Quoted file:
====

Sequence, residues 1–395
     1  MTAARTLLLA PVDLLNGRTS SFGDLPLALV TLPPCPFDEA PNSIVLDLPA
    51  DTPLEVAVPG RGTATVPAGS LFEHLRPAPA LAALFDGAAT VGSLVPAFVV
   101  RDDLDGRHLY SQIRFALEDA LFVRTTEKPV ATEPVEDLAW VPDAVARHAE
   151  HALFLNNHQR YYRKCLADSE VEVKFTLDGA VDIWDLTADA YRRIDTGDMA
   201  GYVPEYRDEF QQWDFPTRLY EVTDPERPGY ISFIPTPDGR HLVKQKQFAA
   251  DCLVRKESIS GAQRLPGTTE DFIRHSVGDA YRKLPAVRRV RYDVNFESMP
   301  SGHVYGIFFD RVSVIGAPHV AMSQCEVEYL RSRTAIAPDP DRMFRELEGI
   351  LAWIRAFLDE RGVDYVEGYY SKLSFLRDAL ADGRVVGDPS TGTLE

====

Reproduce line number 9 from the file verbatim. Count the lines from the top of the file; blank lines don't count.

   351  LAWIRAFLDE RGVDYVEGYY SKLSFLRDAL ADGRVVGDPS TGTLE